Fact: As many people don’t realize, shark populations around the entire world are in rapid decline. The growing demand for shark fins and the overfishing of sharks are having a huge effect on this. Sharks grow slowly and take many years to mature enough to produce young, which are only a few anyway. They are being caught way faster than they are born. Sharks are way too easily discarded! The greatest threat and predator to sharks are humans! Yes, us! Every year, millions and millions of sharks are caught and killed for their meat and fins. Humans are destroying and disrupting the ocean ecosystem by doing this.
Shark Myth #5: Shark fins grow back if they’re cut off.
Fact: A finned shark that is thrown overboard back into the ocean will drown, bleed to death and/or be eaten by other sharks.
Shark Myth #6: Sharks attack people often.
Fact: Shark attacks are very very rare. You are more likely to be struck by lightning, killed by a mosquito, or killed by a hippo, than attacked and killed by a shark. In 2012, there were only SEVEN shark-related fatalities. Compare that to about 70+ million sharks that are killed each year by humans!! Sharks are in ALL of the world’s oceans, it’s their home, and even though more and more people are going into the oceans each year, the incident rate has not increased for shark attacks. There are just three species responsible for the majority of all shark attacks: the tiger shark, bull shark, and the great white.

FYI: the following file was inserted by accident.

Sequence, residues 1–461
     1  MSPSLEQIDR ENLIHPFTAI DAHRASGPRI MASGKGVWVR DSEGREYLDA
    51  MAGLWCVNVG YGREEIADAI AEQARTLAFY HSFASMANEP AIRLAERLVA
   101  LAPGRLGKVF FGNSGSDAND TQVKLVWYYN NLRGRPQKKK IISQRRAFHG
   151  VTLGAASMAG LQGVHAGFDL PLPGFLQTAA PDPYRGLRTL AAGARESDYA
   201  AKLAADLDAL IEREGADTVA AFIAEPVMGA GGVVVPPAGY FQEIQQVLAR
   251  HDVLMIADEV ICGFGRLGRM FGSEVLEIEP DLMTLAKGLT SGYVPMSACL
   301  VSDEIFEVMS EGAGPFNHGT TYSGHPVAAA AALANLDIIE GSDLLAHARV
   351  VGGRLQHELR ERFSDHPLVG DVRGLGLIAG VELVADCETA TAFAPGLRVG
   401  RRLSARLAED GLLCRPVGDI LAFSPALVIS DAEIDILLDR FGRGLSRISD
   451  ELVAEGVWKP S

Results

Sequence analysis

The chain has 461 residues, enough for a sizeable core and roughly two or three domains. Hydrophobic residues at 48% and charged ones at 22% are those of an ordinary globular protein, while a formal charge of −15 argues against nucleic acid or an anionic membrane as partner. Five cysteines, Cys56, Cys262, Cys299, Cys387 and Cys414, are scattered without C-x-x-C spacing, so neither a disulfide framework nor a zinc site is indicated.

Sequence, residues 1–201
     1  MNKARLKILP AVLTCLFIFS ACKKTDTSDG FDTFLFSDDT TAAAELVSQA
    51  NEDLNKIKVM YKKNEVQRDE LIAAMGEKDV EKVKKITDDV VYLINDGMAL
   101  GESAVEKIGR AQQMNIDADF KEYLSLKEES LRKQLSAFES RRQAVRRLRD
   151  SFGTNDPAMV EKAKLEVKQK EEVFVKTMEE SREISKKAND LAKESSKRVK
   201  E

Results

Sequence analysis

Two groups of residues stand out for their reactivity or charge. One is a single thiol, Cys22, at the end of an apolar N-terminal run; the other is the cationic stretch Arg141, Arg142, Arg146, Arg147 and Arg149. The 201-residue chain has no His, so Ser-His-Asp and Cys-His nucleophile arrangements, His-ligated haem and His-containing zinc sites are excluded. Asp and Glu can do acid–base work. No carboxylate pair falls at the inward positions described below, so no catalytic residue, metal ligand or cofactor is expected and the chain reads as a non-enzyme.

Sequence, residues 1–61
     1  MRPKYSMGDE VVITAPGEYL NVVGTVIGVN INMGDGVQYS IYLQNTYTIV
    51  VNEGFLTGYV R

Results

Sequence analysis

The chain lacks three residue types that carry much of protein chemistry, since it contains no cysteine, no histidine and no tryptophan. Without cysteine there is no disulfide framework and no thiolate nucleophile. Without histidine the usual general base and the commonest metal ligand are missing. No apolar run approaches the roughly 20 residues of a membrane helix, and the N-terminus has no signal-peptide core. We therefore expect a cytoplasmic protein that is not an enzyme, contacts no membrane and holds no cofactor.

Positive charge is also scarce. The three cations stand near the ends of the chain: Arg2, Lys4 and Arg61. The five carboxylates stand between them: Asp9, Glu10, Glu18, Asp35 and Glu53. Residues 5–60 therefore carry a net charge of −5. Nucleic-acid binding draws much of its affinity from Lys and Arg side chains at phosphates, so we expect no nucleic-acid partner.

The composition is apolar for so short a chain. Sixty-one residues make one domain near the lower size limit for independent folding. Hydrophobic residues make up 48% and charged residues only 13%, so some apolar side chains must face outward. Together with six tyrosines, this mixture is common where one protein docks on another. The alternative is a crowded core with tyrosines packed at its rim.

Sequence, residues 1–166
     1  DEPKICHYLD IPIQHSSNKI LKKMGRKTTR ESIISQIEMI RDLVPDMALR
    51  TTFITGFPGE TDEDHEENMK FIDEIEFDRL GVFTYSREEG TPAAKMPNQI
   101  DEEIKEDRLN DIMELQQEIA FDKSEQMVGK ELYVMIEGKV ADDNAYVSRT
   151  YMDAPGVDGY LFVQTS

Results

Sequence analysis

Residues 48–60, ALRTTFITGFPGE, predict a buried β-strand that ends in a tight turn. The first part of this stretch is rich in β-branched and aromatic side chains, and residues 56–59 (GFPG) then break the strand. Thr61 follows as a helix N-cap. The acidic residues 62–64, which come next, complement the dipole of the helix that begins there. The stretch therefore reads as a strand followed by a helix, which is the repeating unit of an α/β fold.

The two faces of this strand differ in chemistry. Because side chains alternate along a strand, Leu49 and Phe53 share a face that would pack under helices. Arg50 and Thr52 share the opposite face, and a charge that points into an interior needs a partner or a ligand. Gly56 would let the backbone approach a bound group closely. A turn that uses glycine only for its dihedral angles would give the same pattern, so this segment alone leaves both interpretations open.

Shark Myth #7: Sharks are all the same.
Fact: Shark species are INCREDIBLY diverse. They come in all different sizes, shapes, habitats, diets and behaviors. They are all extremely unique in their own way. There are approximately 500 shark species currently known, but this number is always increasing since marine biologists are studying more and more parts of the ocean. Take a look at how different some sharks are compared to each other:
Shark Myth #8: Sharks only live in one area.
Fact: Sharks inhabit ALL of the world’s oceans. They can be found in coastal waters, inshore, the open deep sea, and even in freshwater rivers and lakes.
Shark Myth #9: Shark fins are nutritious and offer medicinal properties.
Fact: Shark fins have absolutely no flavor or nutritional value. From a sharks’ diet, they accumulate contaminants and pollutions from their prey, this even includes mercury.
Shark Myth #10: All sharks are voracious predators.
Fact: Basking sharks and whale sharks, the two largest species of sharks, are filter feeders that feed on fish eggs and other tiny organisms. Many shark species are actually very relaxed creatures.
Please take the time to watch these amazing videos on sharks and divers swimming with them!! The first video is beautiful to watch.
Shark Myth #11: There are too many sharks in the sea.
Fact: Surprising to many, there are actually a lot of shark species that are in fact endangered due to pollution and excessive fishing. The continued decrease in shark populations are greatly affecting the oceans’ ecosystems since sharks play a key role in keeping other fish populations in check and balanced.
**Disclaimer- This post is for informational purposes only. The sources for my information are listed below.